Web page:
So how was I so ignorant about my fertility and about IVF? A smart woman like me? It took me a long time to work it out, but in the end I realised that it’s not that I was ignorant – if that’d been the case I would have sought out the answers. No, it was worse than that – I had the wrong information.

What I knew for sure from school and the media was this:

  • Getting pregnant was shockingly easy, so much so that we were advised not to even sit on a warm chair that a boy had recently vacated (not so true, especially after our twenties);
  • That having a baby ruined your life (although no doubt had I become a teenage mother, it would have massively curtailed my life choices, as it did for my own mother. However, in my forties it seemed that NOT having a baby had ruined my life);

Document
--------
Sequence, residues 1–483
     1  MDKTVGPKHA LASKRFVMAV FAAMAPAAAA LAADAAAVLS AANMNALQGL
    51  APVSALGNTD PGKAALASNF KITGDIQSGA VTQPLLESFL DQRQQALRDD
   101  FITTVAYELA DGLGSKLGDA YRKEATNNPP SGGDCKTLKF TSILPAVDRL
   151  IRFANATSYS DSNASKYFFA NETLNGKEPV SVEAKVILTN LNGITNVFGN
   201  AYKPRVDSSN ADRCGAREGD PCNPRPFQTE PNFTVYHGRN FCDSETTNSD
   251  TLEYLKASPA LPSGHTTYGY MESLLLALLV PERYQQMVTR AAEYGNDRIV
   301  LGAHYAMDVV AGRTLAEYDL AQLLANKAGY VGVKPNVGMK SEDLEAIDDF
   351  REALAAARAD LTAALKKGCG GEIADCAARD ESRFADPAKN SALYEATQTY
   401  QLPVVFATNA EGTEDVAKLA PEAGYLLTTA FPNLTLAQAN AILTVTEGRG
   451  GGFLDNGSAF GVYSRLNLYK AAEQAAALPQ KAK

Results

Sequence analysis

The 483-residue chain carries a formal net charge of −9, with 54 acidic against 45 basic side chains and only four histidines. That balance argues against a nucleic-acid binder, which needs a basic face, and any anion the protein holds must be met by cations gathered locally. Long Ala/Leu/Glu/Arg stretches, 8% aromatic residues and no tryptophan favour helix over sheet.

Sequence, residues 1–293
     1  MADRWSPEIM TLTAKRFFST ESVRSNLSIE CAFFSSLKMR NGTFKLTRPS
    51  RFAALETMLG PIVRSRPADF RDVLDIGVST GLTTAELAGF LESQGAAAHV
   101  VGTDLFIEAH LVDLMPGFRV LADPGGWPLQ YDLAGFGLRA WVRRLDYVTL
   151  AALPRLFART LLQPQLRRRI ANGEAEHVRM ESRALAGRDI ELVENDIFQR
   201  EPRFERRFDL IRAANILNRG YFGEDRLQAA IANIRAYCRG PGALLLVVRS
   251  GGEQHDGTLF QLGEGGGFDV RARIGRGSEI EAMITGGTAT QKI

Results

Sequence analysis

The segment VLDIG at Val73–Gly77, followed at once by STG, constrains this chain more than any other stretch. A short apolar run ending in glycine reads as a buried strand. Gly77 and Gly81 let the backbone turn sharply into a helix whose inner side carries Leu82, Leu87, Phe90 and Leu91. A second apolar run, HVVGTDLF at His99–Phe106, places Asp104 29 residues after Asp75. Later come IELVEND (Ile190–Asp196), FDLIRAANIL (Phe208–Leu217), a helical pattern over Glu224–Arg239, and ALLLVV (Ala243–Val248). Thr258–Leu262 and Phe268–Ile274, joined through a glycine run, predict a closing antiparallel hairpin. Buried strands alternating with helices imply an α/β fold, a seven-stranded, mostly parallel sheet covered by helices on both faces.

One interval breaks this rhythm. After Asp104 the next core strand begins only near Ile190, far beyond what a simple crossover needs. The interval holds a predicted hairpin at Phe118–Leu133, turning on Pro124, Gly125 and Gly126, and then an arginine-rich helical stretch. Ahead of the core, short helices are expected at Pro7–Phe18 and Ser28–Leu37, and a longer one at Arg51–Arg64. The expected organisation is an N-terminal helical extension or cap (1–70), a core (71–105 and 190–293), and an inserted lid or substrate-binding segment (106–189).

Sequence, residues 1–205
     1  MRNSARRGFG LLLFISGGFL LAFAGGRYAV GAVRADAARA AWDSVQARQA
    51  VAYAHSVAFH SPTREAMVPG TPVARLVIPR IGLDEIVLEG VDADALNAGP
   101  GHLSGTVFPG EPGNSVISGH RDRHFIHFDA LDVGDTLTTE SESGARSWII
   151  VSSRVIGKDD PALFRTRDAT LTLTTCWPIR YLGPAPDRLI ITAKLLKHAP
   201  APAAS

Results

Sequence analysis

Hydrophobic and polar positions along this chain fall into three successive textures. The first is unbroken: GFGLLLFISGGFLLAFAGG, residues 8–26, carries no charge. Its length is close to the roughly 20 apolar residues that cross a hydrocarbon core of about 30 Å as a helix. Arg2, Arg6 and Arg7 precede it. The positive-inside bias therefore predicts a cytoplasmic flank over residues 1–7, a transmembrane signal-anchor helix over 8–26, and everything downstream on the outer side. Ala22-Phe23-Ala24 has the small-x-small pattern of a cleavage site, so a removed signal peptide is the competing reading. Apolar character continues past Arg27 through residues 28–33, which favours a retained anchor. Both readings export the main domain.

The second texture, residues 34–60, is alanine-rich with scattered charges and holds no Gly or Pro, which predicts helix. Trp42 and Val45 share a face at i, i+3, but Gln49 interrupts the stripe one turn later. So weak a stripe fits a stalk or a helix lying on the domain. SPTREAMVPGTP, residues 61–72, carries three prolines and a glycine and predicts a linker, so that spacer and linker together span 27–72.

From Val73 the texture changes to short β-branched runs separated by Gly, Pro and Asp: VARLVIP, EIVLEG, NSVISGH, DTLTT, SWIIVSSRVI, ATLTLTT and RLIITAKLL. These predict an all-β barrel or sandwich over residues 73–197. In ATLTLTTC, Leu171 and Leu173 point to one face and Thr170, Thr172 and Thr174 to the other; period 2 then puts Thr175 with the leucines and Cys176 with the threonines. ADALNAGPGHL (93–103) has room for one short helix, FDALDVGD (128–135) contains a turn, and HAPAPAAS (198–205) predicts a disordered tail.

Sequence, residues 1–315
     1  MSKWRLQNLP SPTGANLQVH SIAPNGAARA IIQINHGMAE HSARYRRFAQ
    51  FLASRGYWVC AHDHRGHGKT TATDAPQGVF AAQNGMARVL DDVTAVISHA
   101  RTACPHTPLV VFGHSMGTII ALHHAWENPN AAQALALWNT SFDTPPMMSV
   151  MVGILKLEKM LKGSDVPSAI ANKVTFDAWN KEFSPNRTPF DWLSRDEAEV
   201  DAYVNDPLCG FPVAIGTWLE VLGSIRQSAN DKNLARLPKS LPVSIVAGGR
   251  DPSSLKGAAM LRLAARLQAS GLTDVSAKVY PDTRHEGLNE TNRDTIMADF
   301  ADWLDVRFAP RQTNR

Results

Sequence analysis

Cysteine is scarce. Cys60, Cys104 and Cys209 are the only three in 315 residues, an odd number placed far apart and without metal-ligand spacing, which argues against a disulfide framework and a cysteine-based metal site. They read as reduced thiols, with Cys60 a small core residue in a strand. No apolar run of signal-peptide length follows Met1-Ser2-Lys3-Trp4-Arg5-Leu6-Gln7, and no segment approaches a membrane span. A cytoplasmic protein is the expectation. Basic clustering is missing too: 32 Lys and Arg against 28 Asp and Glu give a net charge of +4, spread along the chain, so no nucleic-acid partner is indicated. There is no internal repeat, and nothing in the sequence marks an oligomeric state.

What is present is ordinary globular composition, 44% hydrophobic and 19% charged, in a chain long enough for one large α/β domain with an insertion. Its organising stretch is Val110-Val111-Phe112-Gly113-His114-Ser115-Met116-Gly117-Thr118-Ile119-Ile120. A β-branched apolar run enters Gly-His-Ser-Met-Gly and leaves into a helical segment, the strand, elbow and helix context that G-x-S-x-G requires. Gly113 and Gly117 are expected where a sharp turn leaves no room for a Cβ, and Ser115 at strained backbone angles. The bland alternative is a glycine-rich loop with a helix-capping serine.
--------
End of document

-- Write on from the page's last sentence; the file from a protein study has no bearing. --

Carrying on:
• That forty was the age to worry about declining fertility (although I had no idea what made fertility decline, nor that men’s fertility aged too);
  • And that IVF always worked.
  • Oh, and later, that motherhood was the most meaningful and fulfilling thing a woman could do with her life, so if I wasn’t a mother, I was doomed to be a second class citizen for life, with only dying alone and being eaten by cats to look forward to… (Also not true, but it took grieving my childlessness and a determined effort to free myself from pronatalist conditioning to liberate myself from these thoughts).

What would have made a HUGE FUCKING DIFFERENCE is if I could have heard from women like me, women like us. Women who were childless and had come to terms with that – hell – who’d learned to celebrate that! Women who’d been through physically, emotionally and financially gruelling fertility treatments and knew first hand what they entailed and how often they failed. Women (and men) who could have put the record straight.